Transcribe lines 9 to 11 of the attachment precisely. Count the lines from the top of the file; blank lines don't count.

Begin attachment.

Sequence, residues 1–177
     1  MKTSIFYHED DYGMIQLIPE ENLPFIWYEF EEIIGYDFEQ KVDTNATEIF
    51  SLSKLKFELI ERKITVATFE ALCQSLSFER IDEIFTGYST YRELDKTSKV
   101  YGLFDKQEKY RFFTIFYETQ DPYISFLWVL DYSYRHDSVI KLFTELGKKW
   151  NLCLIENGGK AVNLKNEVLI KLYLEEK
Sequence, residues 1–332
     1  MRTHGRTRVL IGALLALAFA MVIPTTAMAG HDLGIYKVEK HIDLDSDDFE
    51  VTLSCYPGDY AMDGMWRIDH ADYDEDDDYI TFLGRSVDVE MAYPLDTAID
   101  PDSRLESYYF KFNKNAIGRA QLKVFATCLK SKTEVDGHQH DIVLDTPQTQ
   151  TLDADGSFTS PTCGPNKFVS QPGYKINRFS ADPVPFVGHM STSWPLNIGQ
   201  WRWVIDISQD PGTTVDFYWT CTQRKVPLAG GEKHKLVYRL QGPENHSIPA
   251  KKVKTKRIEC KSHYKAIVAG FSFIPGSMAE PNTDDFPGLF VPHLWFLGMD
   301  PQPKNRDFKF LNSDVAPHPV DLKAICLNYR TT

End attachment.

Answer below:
   101  PDSRLESYYF KFNKNAIGRA QLKVFATCLK SKTEVDGHQH DIVLDTPQTQ
   151  TLDADGSFTS PTCGPNKFVS QPGYKINRFS ADPVPFVGHM STSWPLNIGQ
   201  WRWVIDISQD PGTTVDFYWT CTQRKVPLAG GEKHKLVYRL QGPENHSIPA